Former baseball player sentenced for bankruptcy fraud
Many of our Atlanta bankruptcy blog readers have probably heard the sad story of Lenny Dykstra, the World Series winning-baseball player that recently came into trouble with the law as a result of his alcohol and drug addiction and money troubles. Now, Dykstra has been sentenced to more than six months in prison for allegedly committing bankruptcy fraud. That sentence will be added to the nearly four-year sentence that has already been handed down for theft, assault and other criminal offenses.
Dykstra filed for Chapter 11 bankruptcy in 2009. Later that year, his case was converted to Chapter 7 liquidation. In his bankruptcy filing, Dykstra stated that he had nearly $40 million in debt from business deals gone wrong and personal financial issues.
Soon after his bankruptcy filing, Dykstra allegedly removed fixtures such as a stove and a granite sink from his mansion and sold them for a fraction of their worth. He was also accused of concealing or selling personal items and sports memorabilia that prosecutors say should have been included in his bankruptcy estate.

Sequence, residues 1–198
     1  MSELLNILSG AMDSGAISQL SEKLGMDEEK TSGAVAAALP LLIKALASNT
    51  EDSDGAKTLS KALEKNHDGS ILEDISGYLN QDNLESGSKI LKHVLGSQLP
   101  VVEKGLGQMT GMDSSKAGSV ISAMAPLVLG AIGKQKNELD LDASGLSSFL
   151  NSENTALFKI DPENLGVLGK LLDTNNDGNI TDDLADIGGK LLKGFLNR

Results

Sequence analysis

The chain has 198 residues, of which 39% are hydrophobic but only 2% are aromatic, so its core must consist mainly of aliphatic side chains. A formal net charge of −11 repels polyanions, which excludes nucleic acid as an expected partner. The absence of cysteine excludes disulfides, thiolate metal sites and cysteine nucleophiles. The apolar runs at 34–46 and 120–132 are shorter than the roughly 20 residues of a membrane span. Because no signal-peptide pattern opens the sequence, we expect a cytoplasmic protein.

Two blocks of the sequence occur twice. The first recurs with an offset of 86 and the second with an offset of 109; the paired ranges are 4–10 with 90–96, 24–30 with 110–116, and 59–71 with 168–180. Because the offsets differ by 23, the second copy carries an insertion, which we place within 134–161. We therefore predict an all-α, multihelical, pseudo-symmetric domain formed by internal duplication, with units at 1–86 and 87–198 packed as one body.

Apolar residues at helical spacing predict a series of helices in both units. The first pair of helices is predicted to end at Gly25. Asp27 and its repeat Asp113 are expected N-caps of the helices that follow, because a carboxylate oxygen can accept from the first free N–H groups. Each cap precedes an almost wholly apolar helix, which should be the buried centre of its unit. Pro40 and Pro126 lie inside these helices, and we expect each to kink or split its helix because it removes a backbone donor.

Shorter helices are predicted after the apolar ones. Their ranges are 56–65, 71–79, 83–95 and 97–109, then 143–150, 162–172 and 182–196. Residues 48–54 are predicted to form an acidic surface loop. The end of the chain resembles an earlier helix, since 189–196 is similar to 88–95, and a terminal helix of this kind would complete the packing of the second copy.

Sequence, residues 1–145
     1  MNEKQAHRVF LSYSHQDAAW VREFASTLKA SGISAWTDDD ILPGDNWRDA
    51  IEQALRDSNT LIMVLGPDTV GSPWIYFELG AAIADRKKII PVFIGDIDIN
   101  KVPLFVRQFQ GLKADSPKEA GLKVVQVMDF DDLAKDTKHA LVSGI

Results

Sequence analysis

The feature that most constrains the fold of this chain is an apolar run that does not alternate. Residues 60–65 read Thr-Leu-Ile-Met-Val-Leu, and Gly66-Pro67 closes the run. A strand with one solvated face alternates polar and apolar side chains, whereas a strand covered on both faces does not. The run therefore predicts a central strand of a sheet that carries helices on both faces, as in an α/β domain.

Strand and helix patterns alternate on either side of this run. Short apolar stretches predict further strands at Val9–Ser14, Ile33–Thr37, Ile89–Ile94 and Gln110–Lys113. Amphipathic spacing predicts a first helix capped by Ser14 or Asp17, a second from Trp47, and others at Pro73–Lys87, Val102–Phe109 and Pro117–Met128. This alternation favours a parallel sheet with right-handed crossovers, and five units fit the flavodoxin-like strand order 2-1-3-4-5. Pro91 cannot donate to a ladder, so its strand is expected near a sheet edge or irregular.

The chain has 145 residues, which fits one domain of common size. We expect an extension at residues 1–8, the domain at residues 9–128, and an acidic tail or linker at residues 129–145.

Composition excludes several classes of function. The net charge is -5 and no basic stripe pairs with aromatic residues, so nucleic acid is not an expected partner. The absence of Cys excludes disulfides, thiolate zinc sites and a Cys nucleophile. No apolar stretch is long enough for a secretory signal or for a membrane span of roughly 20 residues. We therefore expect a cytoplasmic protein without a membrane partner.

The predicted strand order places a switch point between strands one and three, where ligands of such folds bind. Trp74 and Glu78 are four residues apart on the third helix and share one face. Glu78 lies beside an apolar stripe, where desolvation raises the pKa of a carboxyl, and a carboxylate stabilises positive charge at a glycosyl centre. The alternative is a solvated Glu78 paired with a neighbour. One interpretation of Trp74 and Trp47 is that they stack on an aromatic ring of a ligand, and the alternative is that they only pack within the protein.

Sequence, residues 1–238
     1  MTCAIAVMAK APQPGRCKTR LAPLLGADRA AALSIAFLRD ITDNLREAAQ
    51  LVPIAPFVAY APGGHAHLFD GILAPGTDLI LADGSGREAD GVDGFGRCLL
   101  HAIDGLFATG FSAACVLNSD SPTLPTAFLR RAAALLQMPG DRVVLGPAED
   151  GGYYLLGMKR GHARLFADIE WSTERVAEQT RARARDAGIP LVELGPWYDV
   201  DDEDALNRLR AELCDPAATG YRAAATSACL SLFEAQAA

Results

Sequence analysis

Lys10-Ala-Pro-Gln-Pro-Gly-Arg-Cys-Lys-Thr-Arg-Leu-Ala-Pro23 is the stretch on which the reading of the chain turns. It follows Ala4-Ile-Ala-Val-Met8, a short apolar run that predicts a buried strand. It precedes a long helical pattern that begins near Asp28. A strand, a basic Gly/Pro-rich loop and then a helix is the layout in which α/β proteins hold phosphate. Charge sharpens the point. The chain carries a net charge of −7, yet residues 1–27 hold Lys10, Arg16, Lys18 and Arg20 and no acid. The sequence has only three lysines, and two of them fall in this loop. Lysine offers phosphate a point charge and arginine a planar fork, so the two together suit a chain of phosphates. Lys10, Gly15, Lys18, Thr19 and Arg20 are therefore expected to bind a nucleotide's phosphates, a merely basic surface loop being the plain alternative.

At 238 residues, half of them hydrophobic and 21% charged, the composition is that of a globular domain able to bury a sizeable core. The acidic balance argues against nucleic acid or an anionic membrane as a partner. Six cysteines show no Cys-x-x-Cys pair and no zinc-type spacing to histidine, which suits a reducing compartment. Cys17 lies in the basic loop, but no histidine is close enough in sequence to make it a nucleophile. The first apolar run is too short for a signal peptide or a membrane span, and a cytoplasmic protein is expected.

Earlier this year, Dykstra pleaded guilty to bankruptcy fraud, as well as the related federal charges of concealment of bankruptcy property and money laundering. In court, Dykstra’s criminal defense attorney told the judge that her client had become addicted to alcohol and drugs in recent years, and that his addiction was responsible for his string of criminal offenses.
Perhaps as a result of that testimony, the judge overseeing the cases issued a sentence at the low end of the prosecutors’ request, ordering Dykstra to serve six and one-half months in prison, in addition to the three years and nine months he is already serving for other criminal charges.
Source: Bloomberg Businessweek, “Ex-Met Lenny Dykstra Gets 6 1/2-Month Prison Sentence for Fraud,” Edvard Petterson, Dec. 4, 2012